from our immediate discussion, you can put that circular
saw away as we won’t be screwing down any of our
electrical components into a slab of pine. We’re about to
delve into some 21st century breadboarding.
If you’ve ever shopped for project parts at
RadioShack, you are already familiar with their
breadboards. RadioShack calls them perfboards. We’ll
call them breadboards. An example of a RadioShack
breadboard caught the attention of my camera in Photo 2.
The phenolic RadioShack breadboard depicted in Photo 2
is most likely designated as FR-2; FR in this case indicates
it is flame resistant and 2 is telling us that the perfboard is
made of synthetic resin bonded paper.
Other than being rated as FR-2, the phenolic
breadboard in Photo 2 is single-sided. That is, it presents
unplated copper pads on one side only. Since there is
only copper on one side of the board and there is no
plating on the copper pads, a plated-through pad cannot
exist on this breadboard. Thus, the RadioShack
breadboards are equivalent to a single-layer printed circuit
board (PCB) with no plated-through holes. These boards
work very well for general-purpose breadboarding of
standard leaded components. Some of the breadboards
can also handle the mounting of SMT components if you
choose a suitable copper pad arrangement.
If you don’t have access to a local RadioShack, you
most likely use mail-order electronic vendors such as
( www.jameco.com) or Mouser ( www.mouser.com) to get
your electronic parts fix. You will find a breadboard for
almost any application within the pages of their catalogs.
For instance, you’ll find a large selection of breadboards
constructed using epoxy resin. These glass/epoxy
breadboards are normally designated FR- 4. The number 4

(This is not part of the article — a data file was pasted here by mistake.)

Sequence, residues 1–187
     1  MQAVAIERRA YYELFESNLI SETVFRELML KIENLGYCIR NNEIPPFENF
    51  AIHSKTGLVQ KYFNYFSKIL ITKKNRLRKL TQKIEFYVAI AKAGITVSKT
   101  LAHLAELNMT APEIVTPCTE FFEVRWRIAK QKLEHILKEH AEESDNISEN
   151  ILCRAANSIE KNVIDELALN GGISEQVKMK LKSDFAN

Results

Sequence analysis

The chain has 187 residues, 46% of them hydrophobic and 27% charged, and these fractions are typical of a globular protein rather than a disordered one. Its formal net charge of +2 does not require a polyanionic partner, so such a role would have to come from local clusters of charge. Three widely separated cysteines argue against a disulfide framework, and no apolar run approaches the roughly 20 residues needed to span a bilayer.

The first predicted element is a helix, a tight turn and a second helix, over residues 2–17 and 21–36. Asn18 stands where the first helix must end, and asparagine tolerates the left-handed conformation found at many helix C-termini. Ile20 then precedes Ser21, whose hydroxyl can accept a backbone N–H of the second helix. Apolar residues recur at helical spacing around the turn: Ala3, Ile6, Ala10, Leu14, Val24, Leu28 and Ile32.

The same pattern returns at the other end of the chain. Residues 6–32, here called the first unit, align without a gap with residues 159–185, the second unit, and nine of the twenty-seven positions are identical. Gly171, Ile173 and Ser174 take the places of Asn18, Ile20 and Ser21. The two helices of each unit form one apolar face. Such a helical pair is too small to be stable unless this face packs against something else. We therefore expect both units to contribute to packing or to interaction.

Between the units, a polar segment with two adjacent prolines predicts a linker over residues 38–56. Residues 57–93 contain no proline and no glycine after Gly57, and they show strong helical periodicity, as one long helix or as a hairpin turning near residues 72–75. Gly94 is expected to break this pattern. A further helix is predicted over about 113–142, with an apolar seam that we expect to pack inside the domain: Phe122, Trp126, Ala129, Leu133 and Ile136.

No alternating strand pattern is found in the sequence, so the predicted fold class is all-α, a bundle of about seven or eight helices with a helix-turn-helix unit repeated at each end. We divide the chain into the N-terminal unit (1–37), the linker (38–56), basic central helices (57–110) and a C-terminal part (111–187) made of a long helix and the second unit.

signifies that the PCB material is composed of woven glass
reinforced epoxy resin. An FR- 4 breadboard posed for
Photo 3. The good news is that all of the basic techniques
associated with breadboarding can be performed equally
as well with an FR-2 breadboard as they can with an
FR- 4 breadboard. However, a breadboard with
plated-through holes does have its advantages.
wire is insulated, it must be stripped at both ends to
expose enough of the wire to attach and solder it to each
end of the electrical connection. Cutting, stripping,
positioning, and soldering wires make up the bulk of
breadboarding work. All of the mail-order electronics
outlets and local RadioShacks offer electronic hand tools
to help you with manipulating breadboard wiring. I have
also found that local home centers stock high quality wire
cutters, lead cutters, and pliers that work well in the
breadboarding environment. Since good solder joints are
a must for point-to-point electronic assembly, I suggest
investing in a good quality soldering station. Check the
pages of Nuts & Volts and you’ll find a number of vendors
that can help you put a reliable soldering station on your
bench. The bottom line in tool selection is quality. I know
from experience that when those cheap lead cutters go
dull in the middle of an important breadboarding project,
you’ll wish that you had spent that extra couple of dollars
for a higher quality tool.
I’m not going to insult your intelligence by detailing
the process of mounting a component on a breadboard
and wiring it in. However, I will pass along some
• Rats nest wiring techniques insure breadboarding failure.
• Poor component layout insures breadboarding failure.
• Sloppy soldering techniques insure breadboarding failure.
• Never begin a breadboarding project until you have
all of the components in hand.
• Route your breadboard wiring as if you were
■ PHOTO 3. This FR- 4 breadboard consists of 0.046 inch
diameter plated through-holes, which are dispersed on
0.1 inch centers. The through-hole solder plating enables
electrical continuity between both sides of the
breadboard at every hole. Thus, this breadboard can be
considered as double-sided with plated through-holes.
The goal of breadboarding is to mount
electronic components on a supporting
substrate and make all of the necessary
electrical connections that result in a functional
electronic device. In most cases, a length of
wire is used to make an electrical connection
between components mounted on a breadboard. Before the wire is installed in the circuit
path, the wire must be cut to length and if the
■ PHOTO 2. The copper pads on the other side
of this perfboard are not solder-plated. So,
you’ll need to clean the copper pads with a
Scotch-Brite pad before attempting to do any
serious breadboarding with this perfboard.
December 2008 63